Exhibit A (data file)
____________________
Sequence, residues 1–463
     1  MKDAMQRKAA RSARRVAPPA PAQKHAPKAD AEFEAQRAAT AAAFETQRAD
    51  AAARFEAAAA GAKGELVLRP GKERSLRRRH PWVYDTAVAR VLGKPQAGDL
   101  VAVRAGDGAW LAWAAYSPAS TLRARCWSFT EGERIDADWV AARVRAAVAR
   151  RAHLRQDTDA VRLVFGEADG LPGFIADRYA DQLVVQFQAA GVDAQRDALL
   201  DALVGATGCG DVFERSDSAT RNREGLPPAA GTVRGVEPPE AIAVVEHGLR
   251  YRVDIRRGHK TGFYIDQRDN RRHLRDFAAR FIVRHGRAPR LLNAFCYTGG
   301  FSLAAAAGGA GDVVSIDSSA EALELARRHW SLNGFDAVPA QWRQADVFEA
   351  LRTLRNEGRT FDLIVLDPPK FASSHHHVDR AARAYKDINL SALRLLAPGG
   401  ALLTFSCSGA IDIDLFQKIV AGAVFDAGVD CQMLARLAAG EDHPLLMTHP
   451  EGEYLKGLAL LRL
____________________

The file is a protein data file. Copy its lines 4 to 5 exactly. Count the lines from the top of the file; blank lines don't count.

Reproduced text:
   101  VAVRAGDGAW LAWAAYSPAS TLRARCWSFT EGERIDADWV AARVRAAVAR
   151  RAHLRQDTDA VRLVFGEADG LPGFIADRYA DQLVVQFQAA GVDAQRDALL